Nora, at 9 1/2 months, is quite a good little eater. But there are some things that she loves instantly, and some that she rejects. I started rethinking how I cook and reading up on nutrition when, at about 8 months, I realized how much she loved the following:

  • restaurant dim sum
  • restaurant Pad Thai
  • chicken and matzo ball soup
  • hamburger mixed with avocado
  • black cod
  • eggs

And she rejected the following vegetarian staples from our kitchen:

  • crumbled, pan-fried tempeh with whole wheat pasta
  • udon noodles with tofu and seaweed in miso soup
  • lentil stew
  • steamed broccoli

Eventually, we realized that the common denominator was fat and moisture. She’s actually pretty good with lumpy or irregular textures, but she tends to strongly reject lowfat cooking (aside from fresh fruit and bread, which she loves to feed herself).

Once we made that discovery, concoctions like these gained ready acceptance

  • steel-cut oatmeal with plain, full-fat yogurt
  • steamed kale, minced and mashed into avocado

Once I started thinking about it, it made sense. Breast milk is rich and nutrient-dense. Why on earth should I be feeding a baby diet food? So here I am, trying to rework family staples and add new items to the repertoire, in order that we can all eat together and eat well.

Breaking the Ice

The first words are always the hardest.

I arrive at this blog with more questions than answers. The big question is simple: How should I feed my family? My 9-month old daughter loves meat, my husband is perfectly happy as a vegetarian but willing to eat what the family eats, and my mother who is helping with childcare has Type 1 Diabetes and deserves good breakfasts and lunches. I want to shop and cook for the family in a way that is tasty, meets everyone’s needs, and is environmentally and ethically sustainable, yet doesn’t break the bank or become a full-time job.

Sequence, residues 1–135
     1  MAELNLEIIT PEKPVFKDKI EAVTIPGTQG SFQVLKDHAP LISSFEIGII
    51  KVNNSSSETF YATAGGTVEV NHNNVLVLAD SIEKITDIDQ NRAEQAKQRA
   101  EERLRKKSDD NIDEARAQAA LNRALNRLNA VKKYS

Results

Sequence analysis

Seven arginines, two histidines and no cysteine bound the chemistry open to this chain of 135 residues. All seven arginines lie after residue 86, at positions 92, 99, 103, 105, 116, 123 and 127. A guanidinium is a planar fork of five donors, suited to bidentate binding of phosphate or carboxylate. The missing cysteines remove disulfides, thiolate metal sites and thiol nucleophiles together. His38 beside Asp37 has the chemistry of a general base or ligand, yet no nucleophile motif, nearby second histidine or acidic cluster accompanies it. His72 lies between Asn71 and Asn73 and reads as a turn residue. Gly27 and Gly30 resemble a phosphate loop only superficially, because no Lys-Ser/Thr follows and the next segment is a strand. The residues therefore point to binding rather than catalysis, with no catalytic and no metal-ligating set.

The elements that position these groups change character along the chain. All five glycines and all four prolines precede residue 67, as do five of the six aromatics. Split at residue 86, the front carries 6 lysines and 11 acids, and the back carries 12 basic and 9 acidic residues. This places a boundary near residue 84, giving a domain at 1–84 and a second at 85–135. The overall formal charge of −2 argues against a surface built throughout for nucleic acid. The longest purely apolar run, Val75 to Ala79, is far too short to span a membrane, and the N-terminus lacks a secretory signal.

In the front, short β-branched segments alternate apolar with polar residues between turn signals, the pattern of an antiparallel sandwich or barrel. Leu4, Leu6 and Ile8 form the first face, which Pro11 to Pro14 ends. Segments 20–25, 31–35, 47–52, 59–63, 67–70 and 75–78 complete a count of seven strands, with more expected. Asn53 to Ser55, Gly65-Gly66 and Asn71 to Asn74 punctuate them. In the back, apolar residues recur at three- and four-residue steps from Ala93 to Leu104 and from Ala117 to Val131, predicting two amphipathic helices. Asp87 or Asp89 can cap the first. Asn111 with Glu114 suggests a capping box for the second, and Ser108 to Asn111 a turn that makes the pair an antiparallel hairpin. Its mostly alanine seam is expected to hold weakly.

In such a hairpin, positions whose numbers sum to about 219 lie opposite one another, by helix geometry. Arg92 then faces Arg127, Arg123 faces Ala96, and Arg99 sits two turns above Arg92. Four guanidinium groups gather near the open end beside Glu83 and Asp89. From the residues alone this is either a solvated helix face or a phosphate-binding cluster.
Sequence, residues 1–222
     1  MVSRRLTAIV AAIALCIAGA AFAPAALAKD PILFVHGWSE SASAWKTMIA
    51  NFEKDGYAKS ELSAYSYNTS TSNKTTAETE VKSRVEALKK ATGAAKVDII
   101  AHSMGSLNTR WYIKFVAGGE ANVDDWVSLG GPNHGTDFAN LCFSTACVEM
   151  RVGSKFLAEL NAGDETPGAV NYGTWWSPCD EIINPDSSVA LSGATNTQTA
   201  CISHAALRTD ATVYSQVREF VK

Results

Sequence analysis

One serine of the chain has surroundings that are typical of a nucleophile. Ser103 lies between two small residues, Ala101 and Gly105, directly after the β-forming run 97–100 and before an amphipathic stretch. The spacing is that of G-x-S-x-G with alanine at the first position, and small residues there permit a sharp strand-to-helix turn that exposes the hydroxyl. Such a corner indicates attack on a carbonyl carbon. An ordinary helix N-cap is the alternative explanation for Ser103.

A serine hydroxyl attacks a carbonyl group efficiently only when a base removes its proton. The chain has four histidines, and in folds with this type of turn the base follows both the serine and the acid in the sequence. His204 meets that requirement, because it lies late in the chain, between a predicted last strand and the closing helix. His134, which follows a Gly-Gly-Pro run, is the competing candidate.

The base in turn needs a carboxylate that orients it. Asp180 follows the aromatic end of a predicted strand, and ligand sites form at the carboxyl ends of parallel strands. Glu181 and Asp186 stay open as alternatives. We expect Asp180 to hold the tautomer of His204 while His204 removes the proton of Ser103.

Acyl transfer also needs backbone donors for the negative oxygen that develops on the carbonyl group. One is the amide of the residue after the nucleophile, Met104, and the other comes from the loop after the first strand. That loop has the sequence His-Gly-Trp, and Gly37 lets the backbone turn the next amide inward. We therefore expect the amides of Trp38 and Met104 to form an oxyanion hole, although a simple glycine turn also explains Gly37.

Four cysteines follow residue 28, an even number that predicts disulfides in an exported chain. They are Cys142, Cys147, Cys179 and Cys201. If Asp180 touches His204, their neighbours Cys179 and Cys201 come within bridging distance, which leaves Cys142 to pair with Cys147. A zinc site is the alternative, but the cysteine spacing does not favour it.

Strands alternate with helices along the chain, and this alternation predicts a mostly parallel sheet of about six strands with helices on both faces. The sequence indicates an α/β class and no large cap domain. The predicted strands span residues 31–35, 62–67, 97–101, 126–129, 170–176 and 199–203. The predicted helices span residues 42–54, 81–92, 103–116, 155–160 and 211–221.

The road to learning to cook in the first place was long and torturous. My Chinese grandmother cooked delicious meals for my entire family while I was growing up. I spent my twenties and half my thirties subsisting on takeout, restaurant food, and packaged, processed, junk. Respiratory allergies eventually caught up with me, and I was forced to learn how to cook in order to take charge of my health. In 2011, I met my now-husband Jeremy, and a vegetarian lifestyle became a big part of our shared lives. We cooked our way through a CSA box, shopped at farmer’s markets, and started a sourdough culture that’s been alive for four years and counting.

When I became pregnant, I started eating fish and meat again, but in fairly modest quantities, usually in restaurants where the vegetarian options seemed too cheese-laden to be particularly healthy. I considered this a temporary measure, as it went against my ethics of avoiding factory-farmed meat. What I wanted to do was buy humanely raised, grass-finished and pastured meat and prepare it myself, but that felt daunting at the time. So I did what I could, but didn’t aim for perfection.

Now that my daughter Nora is nine months old, I’m a bit less overwhelmed and a bit more willing to invest in shopping for high-quality fish and meat and preparing it myself. I’m also reading up a storm. This blog will chronicle both my findings, and my family’s meals.